I have been informed

Last month I went to an ISO 9001: 2008 to ISO 9001: 2015 Transition Event at a nice hotel in the country. I was there to learn about the significant changes that are being made to the ISO 9001: 2008 Standard and to understand what the new requirements will mean for Flintloque’s customers. Well, I can report that I had a great time and learned a lot, which will appear in subsequent newsletters, but for this blog, I want to focus on a couple of interesting conversations that I had with two of the other delegates. These two conversations concern the new requirements for senior management to demonstrate leadership and the approaches discussed are at opposite ends of the spectrum.

The first conversation was with a chap, we’ll call him John, who is the Quality, Environmental and Safety Manager in his organisation. We were sat together at dinner, and apropos nothing, he just started telling me about the problems that he thought he would face when he got back to the office. His biggest worry was that he would have to come up with a way to convince his bosses that top management now had to demonstrate leadership. How was he going to tell them that they had to determine the context of the organisation and ensure that the quality management system was aligned with the business’s strategic direction?

I was somewhat taken aback, but unusually for me, I didn’t say anything as I was trying to understand how an organisation could function when the senior management team was not doing the very things that they are being paid to do, i.e., understand the business and decide where it was going. John and I discussed ways that he could present the information to his bosses in the most palatable way possible. The idea being that if they were to swallow the new requirements, then they had to have it presented to them on a plate. The good news is that Flintloque has been invited to assist with their ISO 9001 transition, so I’ll let you know how it goes.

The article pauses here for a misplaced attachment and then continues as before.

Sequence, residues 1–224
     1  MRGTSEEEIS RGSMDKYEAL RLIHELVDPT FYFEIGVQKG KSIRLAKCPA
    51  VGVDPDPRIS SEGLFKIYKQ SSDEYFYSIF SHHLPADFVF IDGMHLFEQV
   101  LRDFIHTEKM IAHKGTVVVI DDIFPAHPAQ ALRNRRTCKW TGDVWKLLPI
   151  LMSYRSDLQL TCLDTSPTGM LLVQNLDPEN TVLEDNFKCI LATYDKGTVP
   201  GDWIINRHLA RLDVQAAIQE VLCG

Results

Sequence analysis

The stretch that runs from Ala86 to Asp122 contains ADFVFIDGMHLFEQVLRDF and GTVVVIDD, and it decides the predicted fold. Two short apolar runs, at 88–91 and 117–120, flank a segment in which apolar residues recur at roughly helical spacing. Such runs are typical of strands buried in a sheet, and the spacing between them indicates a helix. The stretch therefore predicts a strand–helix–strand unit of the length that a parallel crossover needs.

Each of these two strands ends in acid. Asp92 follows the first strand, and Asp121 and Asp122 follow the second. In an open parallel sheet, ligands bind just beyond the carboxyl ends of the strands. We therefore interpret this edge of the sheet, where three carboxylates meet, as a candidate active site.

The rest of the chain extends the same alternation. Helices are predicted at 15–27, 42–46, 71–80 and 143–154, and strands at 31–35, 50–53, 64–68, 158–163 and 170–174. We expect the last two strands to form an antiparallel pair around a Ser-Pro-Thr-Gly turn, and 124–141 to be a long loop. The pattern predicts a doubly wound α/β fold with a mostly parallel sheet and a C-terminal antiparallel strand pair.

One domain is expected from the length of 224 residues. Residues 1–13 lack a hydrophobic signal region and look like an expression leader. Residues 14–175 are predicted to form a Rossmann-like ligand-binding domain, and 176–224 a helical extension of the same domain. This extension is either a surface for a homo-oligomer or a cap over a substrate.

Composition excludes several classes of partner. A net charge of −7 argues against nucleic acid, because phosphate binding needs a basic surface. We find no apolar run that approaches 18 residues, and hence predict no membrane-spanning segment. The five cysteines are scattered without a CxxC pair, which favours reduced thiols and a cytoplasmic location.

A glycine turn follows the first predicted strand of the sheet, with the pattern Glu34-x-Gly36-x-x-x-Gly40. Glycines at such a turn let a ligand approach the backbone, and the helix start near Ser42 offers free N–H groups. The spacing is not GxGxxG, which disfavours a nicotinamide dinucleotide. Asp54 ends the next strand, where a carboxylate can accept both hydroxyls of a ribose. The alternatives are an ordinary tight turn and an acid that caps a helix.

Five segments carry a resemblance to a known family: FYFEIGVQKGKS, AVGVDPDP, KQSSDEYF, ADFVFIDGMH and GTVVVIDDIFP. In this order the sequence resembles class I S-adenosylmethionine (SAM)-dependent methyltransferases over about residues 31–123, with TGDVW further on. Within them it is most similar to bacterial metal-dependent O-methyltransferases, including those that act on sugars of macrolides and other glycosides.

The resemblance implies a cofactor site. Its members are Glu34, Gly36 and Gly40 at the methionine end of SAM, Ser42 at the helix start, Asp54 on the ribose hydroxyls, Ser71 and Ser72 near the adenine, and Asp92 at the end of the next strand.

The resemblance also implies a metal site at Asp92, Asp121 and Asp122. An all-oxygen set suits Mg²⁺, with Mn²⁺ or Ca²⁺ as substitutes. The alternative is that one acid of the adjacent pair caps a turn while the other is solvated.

My second conversation was with the MD of a small (c. 30 people) engineering company, and it couldn’t have been more different. Fred (not his real name) was one of those managers that you meet for whom you could quite happily see yourself working. His own Quality Manager was unable to make the course due to illness, so he had come in his stead. No, really! Fred considered his management system so important that instead of delegating attendance to one of his subordinates, he turned up himself for the whole day. How much better a demonstration of the importance of management leadership could you hope to see?

Fred was really looking forward to working with his team to make the transition and, much to my surprise, he asked for Flintloque’s assistance. I told him that I didn’t think that he needed our help, but he said that he was unsure about how to identify and manage the knowledge (specialised engineering knowledge) within his business, so, naturally, I agreed.

It’s interesting that these two approaches to the same situation are so different. One company appears to have a senior management team that has abdicated responsibility for its management system and the other has strong management driving the business forward. One problem; two approaches. This is going to be fun!